Mungo National Park is one of Australia’s wonders: a window into our ancient past. To me the region felt sacred and visiting it was a truly Australian experience that I’ll always remember. Mungo is incredibly important to the culture of the Paakantji, Ngyiampaa and Mutthi Mutthi people, and they preserve it today in conjunction with NSW National Parks.
From the excellent Visit Mungo website:
“These 42,000 year old ritual burials are some of the oldest remains of modern humans (Homo sapiens) yet found outside of Africa. Mungo Lady is the oldest known cremation in the world, representing the early emergence of humanity’s spiritual beliefs.
The return of Mungo Lady and Mungo Man put Lake Mungo on the world map. They led to the establishment of Mungo National Park and the recognition of the Willandra Lakes Region World Heritage Area as a place that is important to all humanity.”
In 2003, footprints were also discovered at Mungo that were dated at more than 20,000 years old, and many tools, animal remains and other culturally significant sites were also found in the lake and surrounding area. The whole Willandra Lakes Region has greatly assisted with knowledge of the environment and history of Australia.
There are several accommodation options at Mungo, and self-guided tours as well as guided tours are available. There is a visitor centre and cooking facilities are available, and many school and tour groups visit each year. We camped at the Main Camp in 2014 and spent a long weekend exploring and learning. Here are some photos of the amazing landscape there (click any to enlarge them).
During our visit to Mungo a tourist passing by snapped a photo of our tour guide, Ivan, without acknowledging him or asking his permission in any way. It was an uncomfortable moment for the rest of us, and showed extreme disrespect to Ivan. I’ve written a separate post about this incident and why practicing Respectful Photography is so important.
Exploring Mungo with young kids
When we visited Mungo, Dante was 3 years old. He loved the camping experience, exploring the visitor centre and some of the tour, but he was a little too young to remain interested in the whole tour. Unfortunately it was also VERY hot each day (over 40ºc/104ºF) we were there, which of course took its toll on all of us.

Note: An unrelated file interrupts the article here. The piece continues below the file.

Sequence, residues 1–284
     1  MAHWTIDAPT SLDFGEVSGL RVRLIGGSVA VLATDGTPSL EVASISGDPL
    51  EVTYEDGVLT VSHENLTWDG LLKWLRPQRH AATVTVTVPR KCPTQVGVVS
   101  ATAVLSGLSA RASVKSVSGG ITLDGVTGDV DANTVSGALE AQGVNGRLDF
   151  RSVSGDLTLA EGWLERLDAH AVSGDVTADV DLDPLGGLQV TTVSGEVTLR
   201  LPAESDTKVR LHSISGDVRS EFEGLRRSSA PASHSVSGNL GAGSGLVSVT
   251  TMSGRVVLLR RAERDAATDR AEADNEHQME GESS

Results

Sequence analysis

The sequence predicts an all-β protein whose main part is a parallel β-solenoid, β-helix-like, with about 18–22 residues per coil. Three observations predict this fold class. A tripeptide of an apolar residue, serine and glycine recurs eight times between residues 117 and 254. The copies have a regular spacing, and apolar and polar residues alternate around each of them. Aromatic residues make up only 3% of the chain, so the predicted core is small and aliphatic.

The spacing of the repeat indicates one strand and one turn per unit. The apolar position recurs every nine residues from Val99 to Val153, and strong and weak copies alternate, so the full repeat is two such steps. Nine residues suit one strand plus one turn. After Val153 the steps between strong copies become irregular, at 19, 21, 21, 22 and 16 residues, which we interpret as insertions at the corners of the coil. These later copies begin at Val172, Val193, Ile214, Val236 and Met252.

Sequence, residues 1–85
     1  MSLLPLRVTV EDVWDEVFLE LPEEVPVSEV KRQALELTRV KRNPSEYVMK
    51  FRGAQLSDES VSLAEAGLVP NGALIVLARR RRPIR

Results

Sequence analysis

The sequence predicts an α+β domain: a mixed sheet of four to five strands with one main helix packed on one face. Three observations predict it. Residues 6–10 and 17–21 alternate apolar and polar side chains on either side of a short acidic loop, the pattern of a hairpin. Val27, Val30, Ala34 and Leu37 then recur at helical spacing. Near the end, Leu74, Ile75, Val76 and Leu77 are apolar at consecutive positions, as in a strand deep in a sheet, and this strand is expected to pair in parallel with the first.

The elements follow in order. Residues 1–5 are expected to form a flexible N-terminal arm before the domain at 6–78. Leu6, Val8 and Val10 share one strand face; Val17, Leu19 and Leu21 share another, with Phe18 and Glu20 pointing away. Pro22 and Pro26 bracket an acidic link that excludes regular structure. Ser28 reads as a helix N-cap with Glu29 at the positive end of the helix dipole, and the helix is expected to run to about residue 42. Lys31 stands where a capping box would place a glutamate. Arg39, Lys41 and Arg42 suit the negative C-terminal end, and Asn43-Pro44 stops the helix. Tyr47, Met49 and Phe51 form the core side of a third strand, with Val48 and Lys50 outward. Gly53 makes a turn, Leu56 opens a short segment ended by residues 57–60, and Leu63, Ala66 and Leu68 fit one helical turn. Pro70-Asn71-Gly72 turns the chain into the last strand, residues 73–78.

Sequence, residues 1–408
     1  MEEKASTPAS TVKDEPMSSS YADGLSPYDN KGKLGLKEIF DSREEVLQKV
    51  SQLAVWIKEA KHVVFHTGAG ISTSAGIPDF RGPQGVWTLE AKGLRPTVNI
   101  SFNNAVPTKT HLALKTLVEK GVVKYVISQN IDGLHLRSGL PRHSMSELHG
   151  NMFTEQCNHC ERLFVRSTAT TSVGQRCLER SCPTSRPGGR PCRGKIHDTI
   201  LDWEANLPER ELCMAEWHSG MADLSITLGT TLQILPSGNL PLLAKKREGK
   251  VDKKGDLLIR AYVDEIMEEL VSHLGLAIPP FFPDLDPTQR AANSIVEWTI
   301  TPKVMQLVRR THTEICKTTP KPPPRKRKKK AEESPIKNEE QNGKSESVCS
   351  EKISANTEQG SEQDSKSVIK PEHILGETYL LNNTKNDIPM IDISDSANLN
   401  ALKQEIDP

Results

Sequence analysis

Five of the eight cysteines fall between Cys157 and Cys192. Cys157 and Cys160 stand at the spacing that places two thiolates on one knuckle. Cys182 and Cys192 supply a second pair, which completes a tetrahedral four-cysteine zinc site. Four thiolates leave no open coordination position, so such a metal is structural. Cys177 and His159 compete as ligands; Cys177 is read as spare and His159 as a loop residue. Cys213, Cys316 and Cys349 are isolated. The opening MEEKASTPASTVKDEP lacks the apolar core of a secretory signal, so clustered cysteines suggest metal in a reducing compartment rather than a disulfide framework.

He did also enjoy hiking about together and cooking in the shared bbq space, and he loved spotting kangaroos near our camp. We also took a little walk around the Main Camp in the dark with our head torches on, and he really loved looking for other animals that were around at night.
We could hear a possum scratching about throughout the first night, and woke to discover it had helped itself to our rubbish bin and made a big mess! (That is very interesting when you’re three!)
All in all, it is a fascinating place and I think most children would enjoy their time at Mungo. Older kids will be able to appreciate the history and meaning of the landscape there, and younger ones just have fun being outside and exploring somewhere different.
A few things to note about the Main Camp at Mungo
There is no running water at the main camp so be sure to have plenty with you. There are also no toilet facilities there, so be prepared for that! There are plenty of campsites but not much shade at a few of them.
The main camp is quite a long walk from the visitor centre; it’s not really possible in high heat. We drove when we needed to go there. The main camp is a good base to discover the whole park from, and would be great for camping with groups.
Be sure to have a look at the Visit Mungo website to check out all of the accommodation options there and read more about the history of this special place.
And if you’re interested in more truly Australian experiences like this, read this post about our time in Kununurra, Western Australia.